Culturehall's fourth open call for applications generated submissions from international artists working in a range of media. From a large pool of talented applicants, we selected four new members to highlight in our current issue.
As a former geographer with an obsession for GoogleEarth, Antoine Lefebvre questions how our perceptions of space and stability have changed in the globalized age of the Internet. In his practice, he often finds tension by pitting a minimalist vocabulary against DIY engineering and wit. At first glance, the clean structure of Lefebvre's work, Frames, presents itself as a direct descendent of an enshrined tradition. Only after a closer inspection does the sculpture reveal its true nature — the forms are not cradled by abstract elements, but are suspended with a fluid mobility using skateboard wheels. These readymade objects bring what once would have been elevated beyond the reach of the audience to a place where viewers are enticed to participate.
Jenny Herrick produces works in various media including video, sculpture, etching, and gouache on paper, and what binds these individual pieces is a striking precision and minimalism. Herrick isolates objects and forms in some works and repeats objects and forms in the others. She describes her work as reflecting on "the consequences of action" and points to possibilities for destruction in renderings of road kill, a sequence of matches, and a circle of gunmen. Shooting Circle (Dodecathedral Iteration) is reminiscent of illustrations found in training manuals and creates a fierce scenario of twelve men poised to shoot rifles at one another. This deceptively simple, symmetrical image — like much of her work — is mesmerizing and chilling.
Bahar Yurukoglu brings us to a crystalline state. A place governed by systems oscillating outside the natural boundaries of dimensions. Her work Ante Camera pulls the physical to the perceptual, only to release the compression created by images back to the tangible world. Yurukoglu integrates shards of intensely colored plastics seamlessly into the physical space, all becoming activated by a series of projected images. Slide-by-slide, the explosively colorful abstract compositions iteratively modify how the installation-based elements are expressed. Arranged, deconstructed, and then rearranged — each illuminated composition captures a fleeting moment, creating a conversation that evolves with the elements that share the space.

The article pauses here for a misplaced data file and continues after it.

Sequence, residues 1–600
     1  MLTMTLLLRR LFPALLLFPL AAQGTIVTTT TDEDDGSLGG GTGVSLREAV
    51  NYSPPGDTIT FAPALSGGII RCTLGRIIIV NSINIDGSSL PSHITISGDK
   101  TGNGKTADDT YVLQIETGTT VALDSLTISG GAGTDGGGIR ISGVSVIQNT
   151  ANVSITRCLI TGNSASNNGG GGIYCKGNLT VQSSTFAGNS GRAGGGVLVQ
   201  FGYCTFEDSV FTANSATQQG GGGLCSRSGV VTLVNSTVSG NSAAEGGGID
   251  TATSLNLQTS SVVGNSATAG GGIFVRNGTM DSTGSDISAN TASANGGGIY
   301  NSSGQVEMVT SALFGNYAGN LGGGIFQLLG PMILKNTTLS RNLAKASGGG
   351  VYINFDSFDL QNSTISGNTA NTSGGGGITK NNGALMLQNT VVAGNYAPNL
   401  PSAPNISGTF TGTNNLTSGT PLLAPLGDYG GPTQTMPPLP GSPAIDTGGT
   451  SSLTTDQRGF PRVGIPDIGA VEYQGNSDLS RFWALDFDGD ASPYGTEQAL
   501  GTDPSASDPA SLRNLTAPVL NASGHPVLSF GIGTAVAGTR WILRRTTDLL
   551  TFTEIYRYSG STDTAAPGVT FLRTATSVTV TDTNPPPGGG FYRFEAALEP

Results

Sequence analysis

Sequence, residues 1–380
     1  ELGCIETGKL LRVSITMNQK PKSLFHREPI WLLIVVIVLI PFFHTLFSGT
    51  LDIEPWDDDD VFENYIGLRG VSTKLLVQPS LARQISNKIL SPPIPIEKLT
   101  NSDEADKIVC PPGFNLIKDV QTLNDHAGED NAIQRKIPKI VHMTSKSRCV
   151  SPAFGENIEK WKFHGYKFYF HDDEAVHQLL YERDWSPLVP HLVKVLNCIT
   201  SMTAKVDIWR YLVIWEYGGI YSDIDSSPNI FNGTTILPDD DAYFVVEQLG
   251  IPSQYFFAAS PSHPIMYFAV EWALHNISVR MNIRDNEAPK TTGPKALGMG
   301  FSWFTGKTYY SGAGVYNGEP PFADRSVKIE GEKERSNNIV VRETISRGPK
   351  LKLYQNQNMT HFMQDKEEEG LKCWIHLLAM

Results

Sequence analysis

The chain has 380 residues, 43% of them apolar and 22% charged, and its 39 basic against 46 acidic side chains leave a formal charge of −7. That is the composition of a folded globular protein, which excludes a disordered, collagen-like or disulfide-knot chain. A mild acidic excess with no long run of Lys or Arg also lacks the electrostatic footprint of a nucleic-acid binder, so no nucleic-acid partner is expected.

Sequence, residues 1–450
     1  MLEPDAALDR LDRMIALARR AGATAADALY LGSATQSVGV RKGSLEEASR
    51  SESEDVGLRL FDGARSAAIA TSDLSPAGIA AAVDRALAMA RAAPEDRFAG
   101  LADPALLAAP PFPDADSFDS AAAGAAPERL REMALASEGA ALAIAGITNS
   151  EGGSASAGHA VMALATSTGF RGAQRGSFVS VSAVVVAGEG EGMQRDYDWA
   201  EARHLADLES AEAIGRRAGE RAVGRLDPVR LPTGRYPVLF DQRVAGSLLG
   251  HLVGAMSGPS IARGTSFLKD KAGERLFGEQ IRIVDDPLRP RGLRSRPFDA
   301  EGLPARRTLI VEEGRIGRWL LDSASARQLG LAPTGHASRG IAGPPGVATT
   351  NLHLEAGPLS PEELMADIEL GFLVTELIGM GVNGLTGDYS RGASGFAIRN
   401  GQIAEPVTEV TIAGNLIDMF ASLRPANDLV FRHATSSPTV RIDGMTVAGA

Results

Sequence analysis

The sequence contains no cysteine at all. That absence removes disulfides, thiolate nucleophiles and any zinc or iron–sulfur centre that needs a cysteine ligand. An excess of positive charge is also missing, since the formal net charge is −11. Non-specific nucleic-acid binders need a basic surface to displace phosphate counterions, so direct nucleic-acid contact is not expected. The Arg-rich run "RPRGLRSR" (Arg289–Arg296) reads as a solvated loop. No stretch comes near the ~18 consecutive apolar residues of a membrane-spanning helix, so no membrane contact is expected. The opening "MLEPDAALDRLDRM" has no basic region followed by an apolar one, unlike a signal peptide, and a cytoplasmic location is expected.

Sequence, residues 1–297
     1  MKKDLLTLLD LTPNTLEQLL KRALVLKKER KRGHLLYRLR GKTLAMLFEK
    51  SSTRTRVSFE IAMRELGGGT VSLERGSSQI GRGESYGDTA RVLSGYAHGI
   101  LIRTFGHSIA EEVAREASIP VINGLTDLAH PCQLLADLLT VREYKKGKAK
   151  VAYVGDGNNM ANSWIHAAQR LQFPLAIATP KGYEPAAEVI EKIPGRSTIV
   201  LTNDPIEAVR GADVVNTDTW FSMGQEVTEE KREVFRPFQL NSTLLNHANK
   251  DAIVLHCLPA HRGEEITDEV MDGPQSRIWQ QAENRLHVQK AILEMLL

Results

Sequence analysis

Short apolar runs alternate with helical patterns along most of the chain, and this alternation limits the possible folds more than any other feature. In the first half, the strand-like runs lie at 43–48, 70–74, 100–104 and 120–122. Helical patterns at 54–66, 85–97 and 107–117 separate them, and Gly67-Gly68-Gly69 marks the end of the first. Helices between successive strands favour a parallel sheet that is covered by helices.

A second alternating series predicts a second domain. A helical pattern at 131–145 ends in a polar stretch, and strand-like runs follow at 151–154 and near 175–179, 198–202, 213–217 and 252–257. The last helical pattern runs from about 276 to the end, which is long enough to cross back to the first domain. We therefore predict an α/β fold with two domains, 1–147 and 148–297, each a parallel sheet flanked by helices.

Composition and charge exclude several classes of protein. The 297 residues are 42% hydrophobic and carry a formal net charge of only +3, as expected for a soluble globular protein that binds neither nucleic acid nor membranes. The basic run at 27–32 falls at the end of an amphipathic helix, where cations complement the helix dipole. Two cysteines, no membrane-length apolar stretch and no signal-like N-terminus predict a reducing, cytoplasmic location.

A Russian-born Jewish American, Irina Rozovsky, made two road trips in 2008 and 2010 to explore the country of Israel where her family was supposed to immigrate but instead came to the United States. The possibility of an alternate life she might have led there added another layer of familiarity to what she describes as the reality of the "mythological, nearly fictional idea of Israel" that existed in her mind based on its history. The series of photographs she produced and published in a book, One to Nothing, focus on the way Israel's complex past remains integral to defining its present. These intimate, curious images subtly blend elements of ancient and modern to create a mythic setting riddled with questions. Rozovsky's human and animal subjects — mostly alone or in pairs — are surrounded by desert and sea, and their gestures reflect a specific experience and state of being within each environment. Her Untitled photograph of the back of a man's head peering at a wrecked car dwarfed by the vast landscape conveys a mystery and tension that permeates the larger series.
David Andrew Frey is a New York-based artist, curator, and technologist. He founded Culturehall in 2008 as a new way for artists to connect with curators, gallerists, collectors, and other artists. David received an MFA in Studio Art from the University of Illinois at Chicago in 2000. He has also studied at the Camberwell College of Art in London, the Hochschule der Künste in Berlin, The University of New Mexico in Albuquerque, and the Savannah College of Art and Design. He recently curated exhibitions in New York of work by Culturehall artists for Ligne Roset and the Big Screen Plaza.
Tema Stauffer is a photographer, writer, and curator. She graduated from Oberlin College in 1995 and received an MFA in photography from the University of Illinois at Chicago in 1998. Her work has been exhibited at Jen Bekman Gallery and Daniel Cooney Gallery in New York, as well as galleries and institutions nationally and internationally. She teaches at the ICP and Ramapo College, and taught a photography workshop at Toxico Cultura in Mexico City. She also writes a blog about photography, PalmAire, and contributes to Mana Contemporary's Log. In 2010, she was awarded an AOL 25 for 25 Grant for innovation in the arts.